Decorated Coat This American Indian robe or coat is made from buckskin, is painted and has intricate detailed beading and patterning on the central panels. William Hunter acquired it from people who had visited Canada and the North-West coast of America during the late 18th Century. Native American women made these and other items of clothing by hand. The coat is 110cm in length and is decorated with intricate black and red designs with tiny beads stitched onto the cuffs. These coats were made from animal skins, usually the Caribou. The skins were cut using flint tools like the flint arrow seen below. Native American Indians still make clothing in this way as gifts for close family members.

Bear Claw Necklace North American Indians often made bear claw necklaces similar to this one. They were highly prized and most Indian chiefs wore them as a symbol of bravery. They were treated as family heirlooms and usually passed from father to son. The North American Indian would kill a Grizzly Bear using only a knife and then make the claws into a necklace. Many necklaces were made from the claws of more than one bear. North American Indians were very lucky to survive a fight with a Grizzly Bear and live to wear its claws as a necklace. These 11 claws are 8-9cm long. Consider why the necklace was seen to be important in North American Indian culture.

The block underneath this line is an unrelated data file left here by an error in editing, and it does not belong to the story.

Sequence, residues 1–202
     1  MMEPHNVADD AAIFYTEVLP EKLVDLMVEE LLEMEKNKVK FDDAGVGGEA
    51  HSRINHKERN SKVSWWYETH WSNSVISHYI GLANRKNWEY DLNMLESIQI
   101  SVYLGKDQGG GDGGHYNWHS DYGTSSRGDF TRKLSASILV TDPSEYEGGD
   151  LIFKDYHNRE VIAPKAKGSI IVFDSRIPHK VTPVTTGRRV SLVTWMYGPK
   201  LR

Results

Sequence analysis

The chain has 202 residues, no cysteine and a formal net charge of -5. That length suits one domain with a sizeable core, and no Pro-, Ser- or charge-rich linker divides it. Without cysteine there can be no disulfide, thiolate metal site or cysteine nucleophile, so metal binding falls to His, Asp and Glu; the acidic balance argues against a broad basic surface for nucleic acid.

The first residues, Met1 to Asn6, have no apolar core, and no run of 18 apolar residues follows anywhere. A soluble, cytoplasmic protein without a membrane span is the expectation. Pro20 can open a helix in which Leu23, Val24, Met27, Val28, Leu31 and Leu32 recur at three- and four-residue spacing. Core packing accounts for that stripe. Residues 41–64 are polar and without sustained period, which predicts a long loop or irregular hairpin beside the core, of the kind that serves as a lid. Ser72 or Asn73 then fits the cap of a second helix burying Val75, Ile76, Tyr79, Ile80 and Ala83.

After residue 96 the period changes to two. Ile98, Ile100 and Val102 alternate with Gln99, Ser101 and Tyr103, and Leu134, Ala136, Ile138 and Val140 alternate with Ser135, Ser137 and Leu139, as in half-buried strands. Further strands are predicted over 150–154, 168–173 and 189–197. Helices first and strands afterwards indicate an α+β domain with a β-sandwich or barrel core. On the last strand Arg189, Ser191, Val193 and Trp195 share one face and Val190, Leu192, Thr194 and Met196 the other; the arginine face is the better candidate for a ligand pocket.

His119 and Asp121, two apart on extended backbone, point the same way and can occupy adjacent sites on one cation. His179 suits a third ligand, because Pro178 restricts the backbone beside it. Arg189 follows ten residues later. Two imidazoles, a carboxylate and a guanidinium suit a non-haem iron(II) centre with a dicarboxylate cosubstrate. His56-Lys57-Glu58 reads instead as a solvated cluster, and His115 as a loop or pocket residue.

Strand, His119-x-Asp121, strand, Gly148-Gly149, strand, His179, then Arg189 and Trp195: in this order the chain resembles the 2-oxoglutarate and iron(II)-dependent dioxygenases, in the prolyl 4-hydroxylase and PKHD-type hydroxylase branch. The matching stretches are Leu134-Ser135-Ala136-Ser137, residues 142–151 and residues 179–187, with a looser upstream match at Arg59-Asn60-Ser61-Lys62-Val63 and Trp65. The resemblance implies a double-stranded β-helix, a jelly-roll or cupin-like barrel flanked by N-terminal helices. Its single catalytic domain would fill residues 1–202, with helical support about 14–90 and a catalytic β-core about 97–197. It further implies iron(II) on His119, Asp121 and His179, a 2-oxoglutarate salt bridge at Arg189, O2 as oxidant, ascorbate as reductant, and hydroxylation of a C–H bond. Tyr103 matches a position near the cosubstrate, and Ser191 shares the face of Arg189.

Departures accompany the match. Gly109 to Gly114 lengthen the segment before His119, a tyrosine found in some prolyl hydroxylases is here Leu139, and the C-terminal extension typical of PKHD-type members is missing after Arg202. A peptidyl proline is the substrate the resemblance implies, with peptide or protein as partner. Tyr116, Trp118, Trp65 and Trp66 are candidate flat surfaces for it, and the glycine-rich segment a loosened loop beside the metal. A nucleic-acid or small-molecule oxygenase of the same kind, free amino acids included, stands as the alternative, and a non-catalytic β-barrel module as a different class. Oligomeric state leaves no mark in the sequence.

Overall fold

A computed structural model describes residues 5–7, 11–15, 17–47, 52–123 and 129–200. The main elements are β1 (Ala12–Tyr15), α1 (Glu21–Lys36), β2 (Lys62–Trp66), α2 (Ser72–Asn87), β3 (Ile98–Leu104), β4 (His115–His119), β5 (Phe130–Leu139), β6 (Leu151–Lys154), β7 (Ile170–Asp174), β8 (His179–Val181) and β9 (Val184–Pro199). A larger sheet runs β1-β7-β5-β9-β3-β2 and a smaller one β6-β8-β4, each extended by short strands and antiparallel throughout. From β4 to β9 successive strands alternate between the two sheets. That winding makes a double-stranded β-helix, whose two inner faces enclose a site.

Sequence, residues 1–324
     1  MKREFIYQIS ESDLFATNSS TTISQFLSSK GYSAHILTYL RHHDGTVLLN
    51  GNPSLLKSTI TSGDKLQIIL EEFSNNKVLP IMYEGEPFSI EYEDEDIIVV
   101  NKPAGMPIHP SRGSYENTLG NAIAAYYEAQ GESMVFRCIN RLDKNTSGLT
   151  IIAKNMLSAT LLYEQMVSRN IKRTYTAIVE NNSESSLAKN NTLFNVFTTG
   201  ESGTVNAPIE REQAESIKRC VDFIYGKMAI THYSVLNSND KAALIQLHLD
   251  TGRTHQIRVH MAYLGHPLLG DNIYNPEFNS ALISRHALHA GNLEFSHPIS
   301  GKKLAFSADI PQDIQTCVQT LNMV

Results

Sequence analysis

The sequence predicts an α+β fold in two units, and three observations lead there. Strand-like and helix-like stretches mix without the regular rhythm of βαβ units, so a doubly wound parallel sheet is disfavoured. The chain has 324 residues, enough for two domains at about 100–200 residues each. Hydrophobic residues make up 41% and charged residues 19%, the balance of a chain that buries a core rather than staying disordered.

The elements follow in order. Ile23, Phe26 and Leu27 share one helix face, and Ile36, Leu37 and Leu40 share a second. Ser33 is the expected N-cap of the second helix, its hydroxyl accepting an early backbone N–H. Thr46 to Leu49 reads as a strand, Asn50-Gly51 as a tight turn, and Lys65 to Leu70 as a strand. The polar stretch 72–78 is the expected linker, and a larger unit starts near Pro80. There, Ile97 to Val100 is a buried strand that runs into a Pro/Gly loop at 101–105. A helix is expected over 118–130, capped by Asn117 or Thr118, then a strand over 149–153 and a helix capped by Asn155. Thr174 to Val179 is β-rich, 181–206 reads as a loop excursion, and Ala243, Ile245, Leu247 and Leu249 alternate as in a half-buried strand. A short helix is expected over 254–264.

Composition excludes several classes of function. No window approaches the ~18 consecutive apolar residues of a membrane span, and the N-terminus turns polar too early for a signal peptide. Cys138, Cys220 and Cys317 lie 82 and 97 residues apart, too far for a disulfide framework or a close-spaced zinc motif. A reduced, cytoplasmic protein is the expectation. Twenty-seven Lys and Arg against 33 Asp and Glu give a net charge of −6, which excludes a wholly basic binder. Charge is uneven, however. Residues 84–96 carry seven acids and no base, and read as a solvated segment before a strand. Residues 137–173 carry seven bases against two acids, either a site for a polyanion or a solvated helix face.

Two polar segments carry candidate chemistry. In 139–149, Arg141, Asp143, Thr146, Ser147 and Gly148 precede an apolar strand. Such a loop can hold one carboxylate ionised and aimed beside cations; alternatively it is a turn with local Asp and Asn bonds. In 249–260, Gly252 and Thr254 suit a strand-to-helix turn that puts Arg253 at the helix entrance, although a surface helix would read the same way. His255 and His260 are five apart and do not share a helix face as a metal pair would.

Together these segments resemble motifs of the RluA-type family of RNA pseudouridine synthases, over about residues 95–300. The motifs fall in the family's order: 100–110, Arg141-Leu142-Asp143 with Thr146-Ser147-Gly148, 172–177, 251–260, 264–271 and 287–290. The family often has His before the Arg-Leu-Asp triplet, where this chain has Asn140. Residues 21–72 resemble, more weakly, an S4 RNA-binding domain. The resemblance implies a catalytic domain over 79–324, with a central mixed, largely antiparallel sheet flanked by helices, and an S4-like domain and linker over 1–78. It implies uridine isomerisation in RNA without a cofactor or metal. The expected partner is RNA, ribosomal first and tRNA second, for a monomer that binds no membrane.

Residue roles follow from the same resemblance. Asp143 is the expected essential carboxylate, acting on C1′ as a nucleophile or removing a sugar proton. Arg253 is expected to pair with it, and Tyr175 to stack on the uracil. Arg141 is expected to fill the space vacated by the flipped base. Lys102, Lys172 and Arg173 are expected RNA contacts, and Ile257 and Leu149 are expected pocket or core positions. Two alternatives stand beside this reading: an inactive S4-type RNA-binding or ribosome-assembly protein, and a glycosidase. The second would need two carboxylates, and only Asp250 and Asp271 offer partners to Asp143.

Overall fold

Model Kayak The Tlingit and Haida tribal people lived and struggled in the harsh conditions on the west coast of what is now Canada and northern United States. They developed the kayak for travelling, hunting and fishing on water. Traditional kayaks are slender, watertight boats propelled by paddles. This model kayak is 74.5cm in length. It has a light wooden frame and is completely covered in leather with an opening for the paddler. Model kayaks were made for children to play with and also to help them appreciate how important they were to the survival of their tribes. These rare models are important museum pieces as contact with Europeans changed the native people forever.